Published on in Impact
Published on in Impact
MiiR x Ecotrust

Alaska to California


MiiR's Contribution

MiiR x Ecotrust

Ecotrust develops climate-smart, community driven solutions to problems across its home region and is achieving impact through projects implementing coastal stewardship practices that are ecologically and culturally restorative, and racially and economically just.

On the farm, at the coast, in the forest, and across our cities, Ecotrust works in partnership from California to Alaska towards an equitable, prosperous, climate-smart future. They recognize the legacy of colonialism and the deep inequities of our home region, and believe that radical, practical change is possible and necessary. To learn more about their work, including one of their pivotal projects in Kake, AK, click here.

The Partnership:

MiiR & Ecotrust have been in partnership since 2019 when MiiR issued the first of two grants totalling $85,000. When our paths first merged, we knew instantly this was a partnership destined for great things. Ecotrust is committed to 3 central tenants: Equity, Economy, & Environment, which are all central to MiiR’s mission and values.

In seeking partnership, MiiR always looks towards organizations that will push us to grow and Ecotrust stood out as a partner we could count on to be challenged by and continuously learn from. Ecotrust advances social equity, economic opportunity, and environmental well-being for all in a truly community led way.

Organizational Priorities:

Today, Ecotrust is engaged in 35 projects from Alaska to California, working in collaboration to:

  1. Build broadly shared, intergenerational wealth for our region’s communities;
  2. Increase regional resilience to a changing climate while centering the needs of and learning from frontline communities; and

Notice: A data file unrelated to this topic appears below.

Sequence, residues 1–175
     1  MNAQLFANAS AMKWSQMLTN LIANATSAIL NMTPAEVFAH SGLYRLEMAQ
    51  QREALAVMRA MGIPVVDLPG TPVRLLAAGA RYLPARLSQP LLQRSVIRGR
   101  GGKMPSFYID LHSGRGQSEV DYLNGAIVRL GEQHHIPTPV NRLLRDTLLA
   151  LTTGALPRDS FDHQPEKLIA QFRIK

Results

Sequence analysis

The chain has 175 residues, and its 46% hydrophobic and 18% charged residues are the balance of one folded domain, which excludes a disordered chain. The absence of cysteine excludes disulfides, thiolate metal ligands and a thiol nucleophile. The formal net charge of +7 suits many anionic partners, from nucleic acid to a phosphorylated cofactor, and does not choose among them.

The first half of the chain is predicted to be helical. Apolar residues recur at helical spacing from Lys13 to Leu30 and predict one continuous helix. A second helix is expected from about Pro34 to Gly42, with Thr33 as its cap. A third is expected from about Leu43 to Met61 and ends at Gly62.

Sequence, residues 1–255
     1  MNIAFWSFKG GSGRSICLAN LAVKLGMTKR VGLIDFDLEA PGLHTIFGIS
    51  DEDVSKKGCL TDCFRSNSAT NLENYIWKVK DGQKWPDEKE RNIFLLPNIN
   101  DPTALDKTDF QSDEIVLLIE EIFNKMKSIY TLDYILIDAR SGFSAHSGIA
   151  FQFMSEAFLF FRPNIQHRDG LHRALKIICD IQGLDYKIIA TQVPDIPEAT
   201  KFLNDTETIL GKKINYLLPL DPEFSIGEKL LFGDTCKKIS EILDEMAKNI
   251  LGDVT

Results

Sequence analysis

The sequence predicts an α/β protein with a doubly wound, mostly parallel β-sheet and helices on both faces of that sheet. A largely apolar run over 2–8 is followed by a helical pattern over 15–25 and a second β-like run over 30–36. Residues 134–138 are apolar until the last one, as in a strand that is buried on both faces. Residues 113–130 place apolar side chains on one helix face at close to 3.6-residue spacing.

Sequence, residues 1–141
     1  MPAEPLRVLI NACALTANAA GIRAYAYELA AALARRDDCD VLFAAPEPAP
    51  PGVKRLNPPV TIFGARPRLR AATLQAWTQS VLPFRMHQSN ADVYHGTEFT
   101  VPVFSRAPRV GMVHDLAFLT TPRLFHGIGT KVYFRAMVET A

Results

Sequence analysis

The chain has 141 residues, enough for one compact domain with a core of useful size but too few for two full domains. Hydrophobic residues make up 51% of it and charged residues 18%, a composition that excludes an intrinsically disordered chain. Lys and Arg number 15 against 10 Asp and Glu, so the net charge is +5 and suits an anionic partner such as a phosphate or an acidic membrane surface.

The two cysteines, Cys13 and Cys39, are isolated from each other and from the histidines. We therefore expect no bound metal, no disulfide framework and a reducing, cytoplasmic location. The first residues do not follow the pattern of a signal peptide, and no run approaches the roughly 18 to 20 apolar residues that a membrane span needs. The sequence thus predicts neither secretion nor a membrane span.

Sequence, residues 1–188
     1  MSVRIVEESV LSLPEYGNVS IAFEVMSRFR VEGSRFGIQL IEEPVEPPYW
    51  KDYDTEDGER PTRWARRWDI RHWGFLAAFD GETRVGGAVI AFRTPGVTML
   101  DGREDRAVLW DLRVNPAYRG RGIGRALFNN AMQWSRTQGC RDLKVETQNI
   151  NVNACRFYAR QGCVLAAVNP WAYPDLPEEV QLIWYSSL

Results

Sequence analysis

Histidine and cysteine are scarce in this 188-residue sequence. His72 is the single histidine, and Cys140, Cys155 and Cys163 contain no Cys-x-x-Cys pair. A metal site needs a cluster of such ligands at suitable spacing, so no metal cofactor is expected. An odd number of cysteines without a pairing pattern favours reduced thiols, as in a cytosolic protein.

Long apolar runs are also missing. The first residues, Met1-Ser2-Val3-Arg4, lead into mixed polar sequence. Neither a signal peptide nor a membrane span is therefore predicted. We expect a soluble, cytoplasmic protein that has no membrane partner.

3. Shift lands and waters stewardship practices to ones that are ecologically and culturally restorative, and racially and economically just.


Here is a sampling of some of Ecotrusts priorities and outcomes that we can advance in California, Oregon, Washington, and Alaska together:

Featured Programs:

1. Tribal sovereignty and coastal resource management

In Kake, Alaska, Ecotrust is part of a team co-creating a climate-smart, thriving mariculture industry through the development of sustainable seaweed and kelp farming. The partnership is building economic and ecological resilience in a region where gathering, hunting and fishing are a way of life.

By working directly with nascent farmers, this project is building a regenerative mariculture industry with pathways to establish Indigenous people and tribal nations as industry leaders. When done correctly, kelp farming improves water quality by filtering excess nutrients, provides essential habitat that supports diverse ecosystems, and helps mitigate ocean acidification by absorbing carbon. It’s also a job-creating machine too: farming seaweed in less than 5% of U.S. waters could create 50 million jobs in direct on-farm employment.

These types of changes are needed in Southeast Alaska, where the unemployment rate in Kake is over 70%.

Coffee Bag of Seaweed on Beach